It's been really nice to see Karen again. We've stayed in touch since she left Tucson (she better than me) and she's a really good friend. I've been promising her that I would come back to visit ever since she moved here; about 5 months after the first time I came with her (my first time, not hers) to visit her cousin, Colleen, who has now lived on Veiques for about 20 years. I'm just wondering why it took me 6 years to get back here. But I'm here now and savoring every minute of my visit.

Life is good!

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Thursday, August 7, 2008

One Of Life's Little Nuggets

I left Colorado last Thursday. After a one night stopover back in Seattle I flew to D.C. on Friday. To fly to Seattle and back on my free ticket from Alaska Airlines I had to leave from Washington D.C. because Alaska doesn't fly out of Pittsburgh. That was OK with me. It just gave me a reason to spend a couple of days with Paul and company before I left and again after I got back. So I left my car with them in Haymarket and my cousin played airport taxi for me.

Paul picked me up from Reagan National Airport Friday night and we got back to his house around 10:30pm. Genelle had planned a suprise birthday luncheon for her mother, Wanda, on Saturday afternoon so her sister and two little nephews had flown in from Los Angeles for the the weekend. Julianne and the boys had the guest room upstairs so I slept on the futon in the *man cave*(Paul's recording studio in the basement). I guess nobody thought to tell Zach about the sleeping arrangements 'cause the next morning he said he spent most of the night sleeping on the couch in the living room until he somehow realized that I wasn't sleeping in his room like the last time they had a houseful of people (for his graduation party in June). That weekend Paul's parents were in the master bedroom, Paul and Genelle moved upstairs to the guest room, Paul's sister Shelley and her husband Steve were in the man cave and I got Zach's room. Not quite so much juggling to do this weekend but somehow poor Zach never got the room assignments!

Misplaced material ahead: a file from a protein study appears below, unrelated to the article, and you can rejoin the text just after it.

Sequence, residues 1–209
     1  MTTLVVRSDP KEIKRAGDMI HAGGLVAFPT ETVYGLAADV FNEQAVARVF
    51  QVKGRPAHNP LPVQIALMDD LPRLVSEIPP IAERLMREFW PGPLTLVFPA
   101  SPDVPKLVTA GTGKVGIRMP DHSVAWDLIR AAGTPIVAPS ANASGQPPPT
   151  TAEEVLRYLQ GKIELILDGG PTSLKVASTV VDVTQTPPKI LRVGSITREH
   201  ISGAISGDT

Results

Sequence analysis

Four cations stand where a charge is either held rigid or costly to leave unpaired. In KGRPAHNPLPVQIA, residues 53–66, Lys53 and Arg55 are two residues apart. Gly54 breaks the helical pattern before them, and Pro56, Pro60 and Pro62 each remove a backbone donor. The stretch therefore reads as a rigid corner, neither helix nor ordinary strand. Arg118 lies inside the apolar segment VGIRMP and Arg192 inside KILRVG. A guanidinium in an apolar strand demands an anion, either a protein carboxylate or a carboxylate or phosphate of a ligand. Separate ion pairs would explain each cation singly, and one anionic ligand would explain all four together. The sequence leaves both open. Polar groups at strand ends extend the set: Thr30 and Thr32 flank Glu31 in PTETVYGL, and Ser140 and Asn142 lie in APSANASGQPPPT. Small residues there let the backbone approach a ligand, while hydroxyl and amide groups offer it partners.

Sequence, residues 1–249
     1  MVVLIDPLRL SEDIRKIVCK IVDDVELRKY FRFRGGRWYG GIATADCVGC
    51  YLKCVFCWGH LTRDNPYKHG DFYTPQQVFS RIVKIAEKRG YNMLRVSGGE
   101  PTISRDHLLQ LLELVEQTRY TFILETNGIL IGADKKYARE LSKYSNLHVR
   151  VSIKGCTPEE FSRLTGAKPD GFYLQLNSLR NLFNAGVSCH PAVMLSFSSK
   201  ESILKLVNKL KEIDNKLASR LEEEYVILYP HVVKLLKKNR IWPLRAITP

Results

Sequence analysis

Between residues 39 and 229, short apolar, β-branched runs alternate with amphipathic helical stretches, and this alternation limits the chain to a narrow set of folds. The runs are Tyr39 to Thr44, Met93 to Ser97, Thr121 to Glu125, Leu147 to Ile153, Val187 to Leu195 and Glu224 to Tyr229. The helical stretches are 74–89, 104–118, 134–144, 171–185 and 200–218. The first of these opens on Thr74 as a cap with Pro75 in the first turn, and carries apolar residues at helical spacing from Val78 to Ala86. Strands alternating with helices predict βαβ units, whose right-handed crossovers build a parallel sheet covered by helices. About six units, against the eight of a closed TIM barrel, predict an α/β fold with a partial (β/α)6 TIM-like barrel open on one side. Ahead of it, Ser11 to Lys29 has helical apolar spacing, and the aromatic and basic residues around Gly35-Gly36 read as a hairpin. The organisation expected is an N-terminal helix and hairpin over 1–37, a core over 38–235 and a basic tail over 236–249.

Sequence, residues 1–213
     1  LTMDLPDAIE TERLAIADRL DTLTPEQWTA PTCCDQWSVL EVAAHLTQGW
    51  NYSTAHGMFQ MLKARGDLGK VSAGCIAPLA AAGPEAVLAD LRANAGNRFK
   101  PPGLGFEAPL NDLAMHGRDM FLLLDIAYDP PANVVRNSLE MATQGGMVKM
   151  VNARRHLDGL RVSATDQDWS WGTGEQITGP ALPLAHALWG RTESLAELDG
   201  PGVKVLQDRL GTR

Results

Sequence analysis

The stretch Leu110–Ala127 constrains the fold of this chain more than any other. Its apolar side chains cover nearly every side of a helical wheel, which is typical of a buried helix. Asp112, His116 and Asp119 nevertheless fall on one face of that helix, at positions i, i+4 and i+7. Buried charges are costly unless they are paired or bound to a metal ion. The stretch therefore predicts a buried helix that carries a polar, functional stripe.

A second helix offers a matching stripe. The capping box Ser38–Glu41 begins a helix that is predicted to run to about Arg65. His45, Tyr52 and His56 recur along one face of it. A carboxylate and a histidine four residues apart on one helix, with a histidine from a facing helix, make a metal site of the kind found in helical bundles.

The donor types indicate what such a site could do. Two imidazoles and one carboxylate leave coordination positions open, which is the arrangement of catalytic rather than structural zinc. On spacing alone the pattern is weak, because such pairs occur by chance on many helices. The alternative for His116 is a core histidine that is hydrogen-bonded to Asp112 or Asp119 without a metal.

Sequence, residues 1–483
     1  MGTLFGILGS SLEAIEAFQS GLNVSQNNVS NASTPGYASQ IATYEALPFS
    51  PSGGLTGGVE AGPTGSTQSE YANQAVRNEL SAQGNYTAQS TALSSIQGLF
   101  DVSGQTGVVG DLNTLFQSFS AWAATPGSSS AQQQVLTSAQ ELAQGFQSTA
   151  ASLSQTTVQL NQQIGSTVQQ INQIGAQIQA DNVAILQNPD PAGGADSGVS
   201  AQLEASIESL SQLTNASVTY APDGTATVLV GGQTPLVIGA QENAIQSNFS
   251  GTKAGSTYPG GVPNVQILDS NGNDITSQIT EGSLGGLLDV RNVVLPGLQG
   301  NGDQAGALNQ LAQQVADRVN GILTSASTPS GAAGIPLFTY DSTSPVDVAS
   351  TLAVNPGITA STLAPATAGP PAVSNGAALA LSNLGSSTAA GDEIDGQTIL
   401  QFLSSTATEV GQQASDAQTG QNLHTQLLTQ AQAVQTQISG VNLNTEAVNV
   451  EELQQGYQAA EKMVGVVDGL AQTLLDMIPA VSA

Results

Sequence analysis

As usual, after everyone else turned in, Paul and I ended staying up till the wee hours of the morning drinking beer, listening to music and hanging out in the man cave. It was a lot of fun but the next morning I was definately feeling it. By the time we left for Wanda's party I was pretty sure I could keep food down but I knew I wasn't drinking anything that day. Paul kept trying to get me to have a beer with lunch and after I said I just couldn't for about the 10th time he made me say out loud, "I'm a wienee". So after making me verbally humiliate myself, did he quit? Noooo........then he wanted me to do a shot of tequila with him in the bar. After about 6 No's I finally said OK. You should have seen how he twisted my arm! After a while Zach comes to find us. He has this accusing look on his face and says, "You left me alone......with all old people". I had to laugh. He did it with such a straight face.

That night Genelle, Julianne, Austin and I got into a very weird game of some kind of gin rummy while Paul snored on the couch. We didn't finish until after 1:30am so it was another late night for me.